Colloquia Schedule Fall 2011

Colloquia are on Tuesdays (unless otherwise indicated) at 3:30 pm in RLM 15.216B

Aug. 30

Not your Parents' M Dwarfs: Probing the Milky Way with its Smallest Constituents (Cancelled due to Hurricane Irene: to be rescheduled)

abstract

Andrew A. West

Boston University

host: Colette Salyk

Sept. 6

Maxwell, Einstein, and Their Impossibilities

abstract

Mark G. Raizen

Center for Nonlinear Dynamics & Dept. of Physics, University of Texas at Austin

hosts: Paul Shapiro & Tanja Rindler-Daller

Sept. 13

Dark Matter, Dwarf Galaxies, and Massive Failures in the Halo of the Milky Way

abstract

James S. Bullock

University of California, Irvine

host: TBD

Sept. 20

Black Hole Scaling Relations

abstract

Kayhan Gultekin

University of Michigan

host: Karl Gebhardt

Sept. 27

The Quest for the Dynamical Signature of Close Supermassive Binary Black Holes

abstract

Michael Eracleous

Pennsylvania State University

host: Julie Comerford

Oct. 4

What is a Galaxy?

abstract

Beth Willman

Haverford College

host: TBD

Oct. 11

No talk scheduled, to avoid conflict with Frank N. Bash Symposium
(held: October 9-11, 2011).

Oct. 18

Status update on the James Webb Space Telescope project

abstract

Jane Rigby

NASA Goddard Space Flight Center

host: TBD

Oct. 25

GAMA: from Little Blue Fuzzies to Massive Red Monsters and Beyond

abstract

Sarah Brough

Swinburne University

host: Karl Gebhardt

Nov. 1

Casting Shadows on the Standard Interstellar Medium Paradigm with GALFA-HI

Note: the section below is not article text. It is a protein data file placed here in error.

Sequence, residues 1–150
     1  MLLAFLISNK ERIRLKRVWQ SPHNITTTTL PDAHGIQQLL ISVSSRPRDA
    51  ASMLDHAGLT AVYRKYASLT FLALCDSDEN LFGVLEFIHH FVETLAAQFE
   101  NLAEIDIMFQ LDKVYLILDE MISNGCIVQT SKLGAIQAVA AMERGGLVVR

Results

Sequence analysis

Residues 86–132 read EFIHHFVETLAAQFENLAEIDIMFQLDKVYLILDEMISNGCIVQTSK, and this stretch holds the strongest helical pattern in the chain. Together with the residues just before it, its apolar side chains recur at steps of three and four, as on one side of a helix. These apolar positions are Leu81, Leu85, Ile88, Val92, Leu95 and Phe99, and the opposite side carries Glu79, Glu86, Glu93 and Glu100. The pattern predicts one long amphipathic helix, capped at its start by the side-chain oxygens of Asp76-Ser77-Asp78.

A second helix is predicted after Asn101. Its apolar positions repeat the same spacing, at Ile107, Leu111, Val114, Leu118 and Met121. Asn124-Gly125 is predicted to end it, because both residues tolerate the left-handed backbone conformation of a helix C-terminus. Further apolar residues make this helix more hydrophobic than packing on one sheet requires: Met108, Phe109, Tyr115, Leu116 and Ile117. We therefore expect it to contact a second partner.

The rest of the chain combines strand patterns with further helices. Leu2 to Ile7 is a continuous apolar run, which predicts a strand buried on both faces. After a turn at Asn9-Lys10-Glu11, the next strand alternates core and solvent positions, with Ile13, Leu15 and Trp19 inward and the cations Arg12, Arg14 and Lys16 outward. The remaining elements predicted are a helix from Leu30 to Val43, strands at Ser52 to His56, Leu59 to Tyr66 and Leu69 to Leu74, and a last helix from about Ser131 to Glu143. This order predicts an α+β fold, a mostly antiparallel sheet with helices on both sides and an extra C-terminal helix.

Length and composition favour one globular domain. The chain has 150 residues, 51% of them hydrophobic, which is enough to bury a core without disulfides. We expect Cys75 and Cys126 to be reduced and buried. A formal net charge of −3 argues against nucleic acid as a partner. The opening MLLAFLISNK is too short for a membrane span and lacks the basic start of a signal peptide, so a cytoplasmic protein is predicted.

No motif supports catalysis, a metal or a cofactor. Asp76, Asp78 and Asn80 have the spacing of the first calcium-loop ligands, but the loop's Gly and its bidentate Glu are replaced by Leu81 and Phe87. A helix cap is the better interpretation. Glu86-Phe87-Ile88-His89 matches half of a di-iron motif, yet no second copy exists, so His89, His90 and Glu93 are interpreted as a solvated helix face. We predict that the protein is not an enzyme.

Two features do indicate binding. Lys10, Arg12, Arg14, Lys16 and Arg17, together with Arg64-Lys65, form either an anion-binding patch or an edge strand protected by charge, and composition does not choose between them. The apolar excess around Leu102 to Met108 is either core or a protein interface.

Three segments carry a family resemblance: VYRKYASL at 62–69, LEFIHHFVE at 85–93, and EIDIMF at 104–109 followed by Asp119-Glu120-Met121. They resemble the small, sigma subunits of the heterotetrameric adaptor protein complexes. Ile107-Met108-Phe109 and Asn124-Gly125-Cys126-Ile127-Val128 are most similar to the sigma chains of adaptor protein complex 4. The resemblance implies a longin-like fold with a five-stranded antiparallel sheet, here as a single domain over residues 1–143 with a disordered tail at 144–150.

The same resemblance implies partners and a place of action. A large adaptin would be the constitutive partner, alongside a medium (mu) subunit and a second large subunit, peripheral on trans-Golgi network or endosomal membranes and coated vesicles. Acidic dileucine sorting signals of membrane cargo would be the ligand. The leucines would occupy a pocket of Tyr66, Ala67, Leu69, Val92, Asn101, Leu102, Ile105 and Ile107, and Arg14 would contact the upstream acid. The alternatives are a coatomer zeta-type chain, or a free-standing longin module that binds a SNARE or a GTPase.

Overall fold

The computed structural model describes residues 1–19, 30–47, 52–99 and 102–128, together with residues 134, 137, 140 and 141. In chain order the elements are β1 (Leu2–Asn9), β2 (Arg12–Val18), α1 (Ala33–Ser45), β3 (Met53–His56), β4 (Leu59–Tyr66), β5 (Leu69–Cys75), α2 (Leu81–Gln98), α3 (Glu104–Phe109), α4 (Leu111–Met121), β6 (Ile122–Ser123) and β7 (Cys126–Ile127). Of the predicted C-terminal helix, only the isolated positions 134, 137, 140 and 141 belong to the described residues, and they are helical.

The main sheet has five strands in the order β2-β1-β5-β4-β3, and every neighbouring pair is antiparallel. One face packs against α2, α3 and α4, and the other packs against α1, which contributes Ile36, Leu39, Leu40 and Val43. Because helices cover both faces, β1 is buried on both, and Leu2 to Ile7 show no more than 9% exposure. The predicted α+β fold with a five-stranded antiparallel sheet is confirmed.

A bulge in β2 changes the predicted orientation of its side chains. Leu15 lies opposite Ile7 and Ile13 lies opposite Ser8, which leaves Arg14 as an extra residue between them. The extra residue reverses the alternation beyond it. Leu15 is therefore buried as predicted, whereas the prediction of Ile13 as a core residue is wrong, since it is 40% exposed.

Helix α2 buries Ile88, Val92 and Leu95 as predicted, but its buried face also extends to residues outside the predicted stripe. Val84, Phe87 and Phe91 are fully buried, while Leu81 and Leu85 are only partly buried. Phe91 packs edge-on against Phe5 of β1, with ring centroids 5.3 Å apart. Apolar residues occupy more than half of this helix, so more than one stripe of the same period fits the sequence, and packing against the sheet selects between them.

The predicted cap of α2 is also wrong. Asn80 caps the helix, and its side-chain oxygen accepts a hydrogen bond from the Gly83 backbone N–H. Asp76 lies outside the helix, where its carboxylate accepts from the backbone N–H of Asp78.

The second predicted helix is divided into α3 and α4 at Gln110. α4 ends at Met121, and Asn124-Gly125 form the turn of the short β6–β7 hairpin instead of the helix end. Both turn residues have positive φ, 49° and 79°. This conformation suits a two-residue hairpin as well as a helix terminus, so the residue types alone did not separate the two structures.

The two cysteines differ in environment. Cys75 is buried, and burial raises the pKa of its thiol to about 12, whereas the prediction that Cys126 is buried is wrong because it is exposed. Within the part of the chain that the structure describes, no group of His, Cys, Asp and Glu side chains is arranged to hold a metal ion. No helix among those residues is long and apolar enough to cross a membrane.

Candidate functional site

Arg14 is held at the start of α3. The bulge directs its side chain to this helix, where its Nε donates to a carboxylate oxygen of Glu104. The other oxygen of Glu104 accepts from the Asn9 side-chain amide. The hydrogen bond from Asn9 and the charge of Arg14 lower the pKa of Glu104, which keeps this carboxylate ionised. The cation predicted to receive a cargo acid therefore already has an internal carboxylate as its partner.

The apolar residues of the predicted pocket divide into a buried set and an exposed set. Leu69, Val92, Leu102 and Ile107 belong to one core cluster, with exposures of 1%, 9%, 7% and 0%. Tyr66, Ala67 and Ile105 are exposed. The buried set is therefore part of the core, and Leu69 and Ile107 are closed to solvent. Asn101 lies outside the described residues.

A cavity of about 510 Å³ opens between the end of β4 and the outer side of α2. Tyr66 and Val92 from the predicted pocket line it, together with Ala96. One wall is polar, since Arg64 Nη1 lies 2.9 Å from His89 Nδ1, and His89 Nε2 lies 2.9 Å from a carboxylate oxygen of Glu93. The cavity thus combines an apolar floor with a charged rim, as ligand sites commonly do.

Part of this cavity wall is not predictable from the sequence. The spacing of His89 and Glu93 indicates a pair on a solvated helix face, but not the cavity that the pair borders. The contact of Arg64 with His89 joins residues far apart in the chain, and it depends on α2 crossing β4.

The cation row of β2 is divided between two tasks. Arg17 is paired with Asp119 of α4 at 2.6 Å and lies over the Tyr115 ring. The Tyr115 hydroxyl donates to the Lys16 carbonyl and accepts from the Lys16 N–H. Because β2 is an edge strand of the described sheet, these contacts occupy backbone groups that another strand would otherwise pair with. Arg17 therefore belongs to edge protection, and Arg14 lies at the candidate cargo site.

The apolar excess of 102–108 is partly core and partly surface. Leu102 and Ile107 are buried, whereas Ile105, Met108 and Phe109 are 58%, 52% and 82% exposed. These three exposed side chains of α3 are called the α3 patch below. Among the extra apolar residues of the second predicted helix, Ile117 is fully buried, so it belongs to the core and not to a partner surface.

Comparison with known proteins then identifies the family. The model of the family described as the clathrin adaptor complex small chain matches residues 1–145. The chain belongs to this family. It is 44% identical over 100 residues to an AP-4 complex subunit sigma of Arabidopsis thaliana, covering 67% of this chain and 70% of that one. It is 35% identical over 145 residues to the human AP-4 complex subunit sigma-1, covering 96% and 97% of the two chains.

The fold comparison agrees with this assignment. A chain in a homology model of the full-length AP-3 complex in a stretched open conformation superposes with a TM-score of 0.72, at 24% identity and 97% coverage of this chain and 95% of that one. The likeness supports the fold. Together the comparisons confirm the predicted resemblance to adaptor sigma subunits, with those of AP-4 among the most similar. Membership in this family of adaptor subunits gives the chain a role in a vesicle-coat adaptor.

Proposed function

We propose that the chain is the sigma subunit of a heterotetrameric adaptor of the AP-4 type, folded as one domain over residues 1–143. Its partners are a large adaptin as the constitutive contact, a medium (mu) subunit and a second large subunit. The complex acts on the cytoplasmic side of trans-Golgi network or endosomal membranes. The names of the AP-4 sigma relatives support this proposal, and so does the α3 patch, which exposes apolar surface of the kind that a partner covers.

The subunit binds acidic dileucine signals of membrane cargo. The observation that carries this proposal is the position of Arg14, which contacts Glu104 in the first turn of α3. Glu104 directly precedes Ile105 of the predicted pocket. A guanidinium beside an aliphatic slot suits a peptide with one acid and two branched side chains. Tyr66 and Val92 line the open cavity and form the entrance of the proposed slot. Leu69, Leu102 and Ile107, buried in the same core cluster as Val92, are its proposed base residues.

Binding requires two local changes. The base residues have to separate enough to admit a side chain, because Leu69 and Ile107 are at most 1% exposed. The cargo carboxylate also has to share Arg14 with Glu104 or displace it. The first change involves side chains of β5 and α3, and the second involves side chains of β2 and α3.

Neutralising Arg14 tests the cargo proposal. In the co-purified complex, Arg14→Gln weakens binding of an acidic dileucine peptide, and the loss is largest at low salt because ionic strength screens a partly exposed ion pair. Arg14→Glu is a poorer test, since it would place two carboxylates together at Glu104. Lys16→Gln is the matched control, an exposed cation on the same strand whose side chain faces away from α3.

abstract

Joshua E. G. Peek

Columbia University

host: Sarah Tuttle

Nov. 8

Beatrice M. Tinsley Visiting Scholar

The Origins of Planetary Systems - Constraints from Protoplanetary Disks

What is the origin of the Solar System and other planetary systems? We are living in an exciting era where the history of the Solar System is being revealed by in-situ measurements and sample returns from solar system objects, laboratory analysis of meteorites, and by astronomical observations.

Here I will discuss how the study the protoplanetary disks can shed light on this fundamental question. First, I will show how the physical evolution of protoplanetary disks (grain growth, dust settling, and the dispersal of primordial gas) informs us on the timescales and mechanisms to form giant planets. Then, I will present recent results on the chemical diversity and evolution of protoplanetary disks. I will conclude by discussing an ongoing effort to observationally trace the evolution of volatiles in disks with implications on their delivery to terrestrial planets.

close

Ilaria Pascucci

University of Arizona

host: John Lacy

Nov. 15

No talk scheduled.

Nov. 22

No talk scheduled.

Nov. 29

Stellar Forensics with Explosions: Supernovae, Gamma-Ray Bursts, and their Environments

abstract

Maryam Modjaz

New York University, Center for Cosmology and Particle Physics

host: Sarah Tuttle

Dec. 13

HETDEX Special Colloquium

Astrophotonics and Space Photonics: A New Era of Instrumentation

abstract

Lisa Fogarty

University of Sydney, School of Physics

host: Sarah Tuttle

Visitors to the Department of Astronomy can find detailed information and maps on our Visiting Austin Page.

Please report omissions/corrections to: G. Orris at argus@astro.as.utexas.edu.

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